What’s hot at Hot Docs

Brian D. Johnson on hits from the 20th annual festival

Hot Docs, North America’s largest documentary festival, celebrates its 20th anniversary this year, with 205 films from 43 countries showing April 30 to May 5. I’ve been screening them over the past few weeks. Though I haven’t seen nearly enough to provide a definitive list, here’s what I’ve found to be the most compelling so far. As I see more, the list may expand . . .

1. Pussy Riot: A Punk Prayer If you think you know about this feminist punk group from the media coverage of their trial, and Madonna’s flashes of solidarity, that’s not the half of it. Filmmakers Mike Lerner and Maxim Pozdorovkin, who won a special jury award in Sundance for this documentary, have forged a riveting account of the court case. But most of all, they have composed an fascinating and credibly heroic portrait of the three Pussy Riot members who go to trial. For all their collective bravado, they emerge as distinct and formidable personalities, who seem to be undergoing a personal transformation as the camera rolls—especially the mesmerizing Nadia (Nadezhda Tolokonnikova), who combines movie-star magnetism with insouciant wit and a sophisticated view of conceptual art. The film includes video clips of the the group’s hit-and-run performances, and interviews. But their most revealing moments come from their candid conversations as prisoners behind the glass of the court’s media scrum. Like animals in a zoo, surrounded by a phalanx of cameras, they use their trial as a stage for impromptu performance art. Supporting players range from biker-like militants of the Orthodox church to the girls’ anxious but tolerant parents—notably Nadia’s father, who co-wrote lyrics for the punk anthem that landed them in jail after its fleeting performance in the church.

The young John Hartley Robertson, in ‘Unclaimed’
2.  Unclaimed

In 1968 U.S. special ops soldier John Hartley Robertson was pronounced MIA after his helicopter was shot down in a firefight over Laos. Over four decades later, a man claiming to be Robertson surfaces in a remote village in Vietnam. He has a Vietnamese wife, with whom he’s raised four children, and he’s lost his ability to speak English, along with virtually all memory of his life as an American. But, at 77, he wants to see his American family before he dies. In this astonishing documentary, Alberta filmmaker Michael Jorgensen follows a team led by a dedicated Vietnam vet to Robertson’s home in the wilds of Vietnam. As he follows their quest to prove his identity, the filmmaker focusses on the heart-rending personal drama, rather than the rats nest of procedural loose ends kicked up by the investigation. This is the kind of movie that leaves viewers emotionally spent, yet it raises as many questions as it answers: Unclaimed is bound to stoke major controversy with allegations that the Pentagon muddied the trail to John Hartley Robertson with lies and a cover-up.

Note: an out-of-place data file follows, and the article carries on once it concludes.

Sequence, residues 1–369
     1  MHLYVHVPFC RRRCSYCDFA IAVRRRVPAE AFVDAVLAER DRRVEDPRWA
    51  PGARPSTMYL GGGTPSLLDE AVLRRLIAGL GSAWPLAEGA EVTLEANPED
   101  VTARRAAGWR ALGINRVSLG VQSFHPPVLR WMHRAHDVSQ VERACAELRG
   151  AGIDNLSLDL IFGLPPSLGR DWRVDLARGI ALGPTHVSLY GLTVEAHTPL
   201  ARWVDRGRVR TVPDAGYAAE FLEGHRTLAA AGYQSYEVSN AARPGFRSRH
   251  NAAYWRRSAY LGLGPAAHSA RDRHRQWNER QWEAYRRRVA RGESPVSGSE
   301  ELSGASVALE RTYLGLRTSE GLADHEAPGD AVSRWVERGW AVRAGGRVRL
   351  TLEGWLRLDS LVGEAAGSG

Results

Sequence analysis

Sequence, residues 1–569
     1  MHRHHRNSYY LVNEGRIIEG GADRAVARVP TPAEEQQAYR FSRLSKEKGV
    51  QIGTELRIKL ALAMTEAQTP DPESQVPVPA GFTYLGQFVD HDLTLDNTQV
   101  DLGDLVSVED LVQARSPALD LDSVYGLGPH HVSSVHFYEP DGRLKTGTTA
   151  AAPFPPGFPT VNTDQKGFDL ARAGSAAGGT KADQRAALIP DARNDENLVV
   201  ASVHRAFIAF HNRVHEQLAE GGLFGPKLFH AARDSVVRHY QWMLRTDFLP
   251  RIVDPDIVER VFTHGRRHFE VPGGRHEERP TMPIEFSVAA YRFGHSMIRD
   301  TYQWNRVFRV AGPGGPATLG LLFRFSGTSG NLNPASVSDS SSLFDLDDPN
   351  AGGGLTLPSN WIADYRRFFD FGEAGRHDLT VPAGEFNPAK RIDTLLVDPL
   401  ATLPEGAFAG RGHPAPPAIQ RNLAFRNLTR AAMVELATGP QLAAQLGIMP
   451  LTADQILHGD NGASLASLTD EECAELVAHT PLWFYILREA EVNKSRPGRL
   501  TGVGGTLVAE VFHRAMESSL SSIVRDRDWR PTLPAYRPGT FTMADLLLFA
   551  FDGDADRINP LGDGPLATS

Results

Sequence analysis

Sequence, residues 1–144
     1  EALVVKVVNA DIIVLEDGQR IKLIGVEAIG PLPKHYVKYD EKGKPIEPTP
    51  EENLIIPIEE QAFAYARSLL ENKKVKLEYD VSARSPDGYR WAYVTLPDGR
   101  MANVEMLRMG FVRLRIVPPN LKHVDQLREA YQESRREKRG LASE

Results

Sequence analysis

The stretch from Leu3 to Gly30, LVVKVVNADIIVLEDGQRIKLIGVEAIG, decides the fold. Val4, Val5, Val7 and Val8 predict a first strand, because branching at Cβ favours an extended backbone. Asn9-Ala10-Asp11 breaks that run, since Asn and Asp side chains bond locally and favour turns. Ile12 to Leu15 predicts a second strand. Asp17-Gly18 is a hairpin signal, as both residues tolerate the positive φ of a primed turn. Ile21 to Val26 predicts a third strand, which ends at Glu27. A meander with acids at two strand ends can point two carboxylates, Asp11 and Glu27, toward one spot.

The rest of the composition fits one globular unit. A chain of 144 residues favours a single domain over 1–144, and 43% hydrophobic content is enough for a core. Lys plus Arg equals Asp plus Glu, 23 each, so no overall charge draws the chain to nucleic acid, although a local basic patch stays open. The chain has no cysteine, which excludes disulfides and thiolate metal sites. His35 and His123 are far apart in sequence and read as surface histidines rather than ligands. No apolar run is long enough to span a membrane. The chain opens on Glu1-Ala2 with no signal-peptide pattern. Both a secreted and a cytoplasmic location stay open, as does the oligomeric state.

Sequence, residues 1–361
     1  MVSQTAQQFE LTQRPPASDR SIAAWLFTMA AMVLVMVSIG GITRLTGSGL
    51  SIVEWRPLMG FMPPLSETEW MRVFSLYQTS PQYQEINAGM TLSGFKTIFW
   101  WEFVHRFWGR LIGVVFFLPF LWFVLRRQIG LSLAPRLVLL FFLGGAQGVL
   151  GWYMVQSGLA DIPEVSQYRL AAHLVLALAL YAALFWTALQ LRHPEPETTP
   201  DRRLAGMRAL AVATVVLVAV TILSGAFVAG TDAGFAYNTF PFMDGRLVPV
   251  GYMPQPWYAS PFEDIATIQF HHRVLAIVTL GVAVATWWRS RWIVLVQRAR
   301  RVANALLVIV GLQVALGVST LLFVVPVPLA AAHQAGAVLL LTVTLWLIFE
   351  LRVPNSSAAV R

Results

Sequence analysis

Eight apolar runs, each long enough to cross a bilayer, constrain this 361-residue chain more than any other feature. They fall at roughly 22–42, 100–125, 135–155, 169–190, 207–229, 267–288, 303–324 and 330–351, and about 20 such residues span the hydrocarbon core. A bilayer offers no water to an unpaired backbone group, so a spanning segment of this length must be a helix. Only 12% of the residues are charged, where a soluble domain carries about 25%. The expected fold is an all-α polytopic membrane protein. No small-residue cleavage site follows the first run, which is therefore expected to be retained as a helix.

The schooner carrying the fiord explorers in 'The Expedition to the End of the World'

3. The Expedition to the End of the World

Thanks to global warming, and unprecedented melting of ice at the North Pole, fiords along Greenland’s north-east coast that were previously entombed by glaciers are now briefly navigable. Exploring their waters for the first time, aboard a three-masted wooden schooner, is an eclectic crew that includes a geologist, marine biologist, archaeologist, geographer—and three artists. Unlike most expeditions, this one has no real goal. The crew isn’t on a mission to prove or discover anything in particular. The result is a sublimely idiosyncratic odyssey. While the scientists unearth fascinating details of a lost world, the artists in the group  mull over the cosmic, and existential, implications, lending the voyage a Beckett-like sense of the absurd. The deadpan wit of this Danish/Swedish production is in the Herzog vein, though without his overbearing Teutonic voice. Instead, the voyage is filtered through various forms of  droll Nordic detachment. But if even the film were silent, its eerie landscapes are so breathtaking, and serenely composed, that we’d still be entranced.

A Filipino kidney donor in 'Tales from the Organ Trade'
4. Tales From the Organ Trade